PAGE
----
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I don't really understand the definition of a random variable. I also find the wikipedia entry on random variables kind of confusing. Can someone give me a clear explanation of the random variable?

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This question does not show any research effort or even an attempt at an explanation. – Epictetus Nov 19 '12 at 16:37
@ZafarS Saying you looked something up on Wikipedia is not an indication of research effort. It would have been more useful to say what in particular you did not understand in what you read. – Epictetus Nov 19 '12 at 16:49
I have cleaned up some comments that were flagged. Please keep comments polite and on-topic. Any meta matters should be discussed on meta, not here. – Bill Dubuque Nov 19 '12 at 20:47
up vote 3 down vote accepted

Given a universal sample space $\Omega$ such that

$$\Omega =\{\text {all possible outcomes (non-predetermined ) of an experiment }\}$$

Let note $n=\text{card}(\Omega) $, $\Omega= \{ \omega_i,\ 1\le i \le n\}$

Now let's define a function $X$ such that $$\begin{array}{ll}X:& \Omega& \rightarrow &\mathbb R \\& \omega_i&\mapsto &X(\omega_i)\end{array}$$ $X(\omega_i)$ is the value of the random variable $X$ at the event $\omega_i \in \Omega$.

Note that this function can be anything as it depends on the experiment, take for examples

  • The outcome of throwing a die. $\Omega=\{1,2,3,4,5,6\}$ and $X(\omega_i)=\omega_i \in \Omega$
  • Throwing two dice at a time, the sum of the results from both dice. $\Omega=\{1,2,3,4,5,6\} \times \{1,2,3,4,5,6\}$ and $X(\Omega)=\{2,3,4,\cdots,12\}$ with $X(\omega)=\alpha+\beta$ if $\omega=(\alpha,\beta)$
  • Throwing a coin where $\text{Head}=1 \text{ point}$ and $\text{Tail}=-1 \text{ point}$ $\Omega=\{\text{Head}, \text{ Tail}\}$ and $X(\Omega)=\{-1,1\}$ with $X(\text{Head})=+1$ and $X(\text{Tail})=-1$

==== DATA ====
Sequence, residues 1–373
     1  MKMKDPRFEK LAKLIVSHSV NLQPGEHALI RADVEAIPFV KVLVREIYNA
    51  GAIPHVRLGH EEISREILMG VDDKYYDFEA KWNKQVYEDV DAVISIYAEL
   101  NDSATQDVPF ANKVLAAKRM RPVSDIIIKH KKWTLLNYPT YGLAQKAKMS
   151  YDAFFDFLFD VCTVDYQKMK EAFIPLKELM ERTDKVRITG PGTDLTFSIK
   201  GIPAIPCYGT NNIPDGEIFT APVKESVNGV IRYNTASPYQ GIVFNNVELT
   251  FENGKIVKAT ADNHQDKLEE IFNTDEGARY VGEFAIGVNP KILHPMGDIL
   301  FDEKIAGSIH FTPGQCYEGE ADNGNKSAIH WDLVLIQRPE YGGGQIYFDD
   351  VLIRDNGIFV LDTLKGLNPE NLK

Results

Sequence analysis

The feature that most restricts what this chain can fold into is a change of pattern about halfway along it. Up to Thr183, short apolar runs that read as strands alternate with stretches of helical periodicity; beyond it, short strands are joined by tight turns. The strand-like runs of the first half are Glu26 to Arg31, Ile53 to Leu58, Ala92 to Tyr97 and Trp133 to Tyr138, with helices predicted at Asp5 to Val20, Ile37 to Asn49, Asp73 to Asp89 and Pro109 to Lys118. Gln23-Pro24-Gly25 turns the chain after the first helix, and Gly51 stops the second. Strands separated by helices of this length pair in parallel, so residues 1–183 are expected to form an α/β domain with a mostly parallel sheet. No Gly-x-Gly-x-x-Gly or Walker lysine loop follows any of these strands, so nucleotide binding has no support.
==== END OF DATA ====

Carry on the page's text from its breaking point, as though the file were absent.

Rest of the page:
These are all discrete random variables (probability mass function), one can also have continuous random variables where $\omega_i$ take values in $\mathbb R$,

Let $X$ be a random variable whose distribution function $F_X$ has a derivative. The function $f_X$ satisfying $$F_X(x)= \int^x_{-\infty} f_X(t)dt$$ is called the probability density function and X is called a continuous random variable.

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Please be more careful: both [$X(\omega_i)$ is the random variable associated with the event $\omega_i \in \Omega$] and [and $X(\omega_i)=\{-1,1\}$] are wrong. – Did Nov 19 '12 at 18:09
@did I had a feeling I mixed the terminologies up. I would appreciate it if you correct them. Thank you. – user31280 Nov 19 '12 at 18:27
@did Thank you, I'll pay more attention in the future. – user31280 Nov 19 '12 at 18:49
You seem to imply that $\Omega$ is finite. Am I misreading? Is this intentional? – MJD Nov 19 '12 at 20:39
@MJD $\Omega$ is not necessarily finite. – user31280 Nov 19 '12 at 21:39

A random variable is a function whose value is known only after some underlying uncertainty about the world is resolved. So for example, suppose there is some source of uncertainty in the physical world say temperature at noon tomorrow. We may have a good idea what the temperature is likely to be because of past history and weather models so we may have a probability distribution of what the temperature is likely to be at noon but we don't know for a fact if it is going to be some exact number up to some decimal places.